The WLEA complaint alleges that certain "provisions of Act 10 and Act 32 violate their associational, speech, petition and advocacy rights guaranteed by Art. I, §§ 3 & 4 of the Wisconsin Constitution, as well as their rights to equal protection under the law, as guaranteed by Art. I, § 1 of the Wisconsin Constitution."

This lawsuit may be even stronger than the MTI and Public Employees Local 61 case since it involves members of the very same union being treated differently under the law.

Rebecca Kemble reports for The Progressive magazine and website.

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A thoughtful, optimistic, progressive speech about the better possibilities of American democracy just as the most...

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By Wendell Berry

Manifesto: The Mad Farmer Liberation Front

Love the quick profit, the annual raise,
vacation with pay. Want more 
of everything ready made. Be afraid 
to know your neighbors and to die.
And you will have a window in your head.
Not even your future will be a mystery 
any more. Your mind will be punched in a card 
and shut away in a little drawer.
When they want you to buy something 
they will call you. When they want you
to die for profit they will let you know. 
So, friends, every day do something
that won’t compute. Love the Lord. 
Love the world. Work for nothing. 
Take all that you have and be poor.
Love someone who does not deserve it. 
Denounce the government and embrace 
the flag. Hope to live in that free 
republic for which it stands. 
Give your approval to all you cannot
understand. Praise ignorance, for what man 
has not encountered he has not destroyed.
Ask the questions that have no answers.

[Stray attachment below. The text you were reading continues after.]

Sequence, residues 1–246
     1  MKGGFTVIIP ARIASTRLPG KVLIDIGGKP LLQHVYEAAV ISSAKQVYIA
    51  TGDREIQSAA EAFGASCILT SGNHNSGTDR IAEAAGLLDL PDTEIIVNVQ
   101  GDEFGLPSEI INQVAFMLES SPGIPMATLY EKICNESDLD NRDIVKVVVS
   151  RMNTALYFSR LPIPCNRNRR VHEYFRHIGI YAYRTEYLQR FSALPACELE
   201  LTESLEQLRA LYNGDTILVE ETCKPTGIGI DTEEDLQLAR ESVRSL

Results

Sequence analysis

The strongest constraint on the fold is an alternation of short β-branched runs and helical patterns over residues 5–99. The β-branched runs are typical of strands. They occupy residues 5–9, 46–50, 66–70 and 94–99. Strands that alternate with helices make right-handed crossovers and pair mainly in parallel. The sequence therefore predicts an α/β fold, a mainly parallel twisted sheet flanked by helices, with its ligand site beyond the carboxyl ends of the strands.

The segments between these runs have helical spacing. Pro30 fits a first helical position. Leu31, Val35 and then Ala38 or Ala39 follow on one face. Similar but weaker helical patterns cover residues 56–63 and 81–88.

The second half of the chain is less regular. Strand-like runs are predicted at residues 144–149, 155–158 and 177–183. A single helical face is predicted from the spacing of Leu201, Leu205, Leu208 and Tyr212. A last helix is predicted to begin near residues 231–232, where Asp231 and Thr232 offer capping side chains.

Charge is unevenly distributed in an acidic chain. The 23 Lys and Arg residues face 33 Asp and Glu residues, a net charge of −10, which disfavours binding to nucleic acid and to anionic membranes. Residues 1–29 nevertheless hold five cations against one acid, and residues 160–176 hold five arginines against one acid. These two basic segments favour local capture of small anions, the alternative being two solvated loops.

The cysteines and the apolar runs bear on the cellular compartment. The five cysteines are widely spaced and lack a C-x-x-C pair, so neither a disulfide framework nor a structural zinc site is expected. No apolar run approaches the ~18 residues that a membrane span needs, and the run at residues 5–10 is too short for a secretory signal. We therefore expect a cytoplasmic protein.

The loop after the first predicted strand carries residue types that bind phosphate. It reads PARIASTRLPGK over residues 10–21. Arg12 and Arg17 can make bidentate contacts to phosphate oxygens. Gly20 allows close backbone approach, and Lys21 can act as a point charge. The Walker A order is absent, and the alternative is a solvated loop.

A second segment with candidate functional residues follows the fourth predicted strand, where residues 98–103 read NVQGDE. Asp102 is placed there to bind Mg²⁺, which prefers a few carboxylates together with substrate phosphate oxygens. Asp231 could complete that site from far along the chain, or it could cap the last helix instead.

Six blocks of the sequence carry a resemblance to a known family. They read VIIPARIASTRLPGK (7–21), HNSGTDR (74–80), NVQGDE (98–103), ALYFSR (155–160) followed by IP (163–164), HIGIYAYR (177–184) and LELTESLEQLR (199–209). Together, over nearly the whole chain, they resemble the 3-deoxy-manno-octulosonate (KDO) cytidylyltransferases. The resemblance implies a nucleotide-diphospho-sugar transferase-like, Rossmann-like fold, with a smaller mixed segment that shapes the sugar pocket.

Invest in the millennium. Plant sequoias.
Say that your main crop is the forest
that you did not plant,
that you will not live to harvest.

Say that the leaves are harvested 
when they have rotted into the mold.
Call that profit. Prophesy such returns.
Put your faith in the two inches of humus 
that will build under the trees
every thousand years.
Listen to carrion—put your ear
close, and hear the faint chattering
of the songs that are to come. 
Expect the end of the world. Laugh. 
Laughter is immeasurable. Be joyful
though you have considered all the facts. 
So long as women do not go cheap 
for power, please women more than men.
Ask yourself: Will this satisfy 
a woman satisfied to bear a child?
Will this disturb the sleep 
of a woman near to giving birth? 
Go with your love to the fields.
Lie easy in the shade. Rest your head 
in her lap. Swear allegiance 
to what is nighest your thoughts.
As soon as the generals and the politicos 
can predict the motions of your mind, 
lose it. Leave it as a sign 
to mark the false trail, the way 
you didn’t go. Be like the fox 
who makes more tracks than necessary, 
some in the wrong direction.
Practice resurrection.

Wendell Berry is a poet, farmer, and environmentalist in Kentucky. This poem, first published in 1973, is reprinted by permission of the author and appears in his “New Collected Poems” (Counterpoint).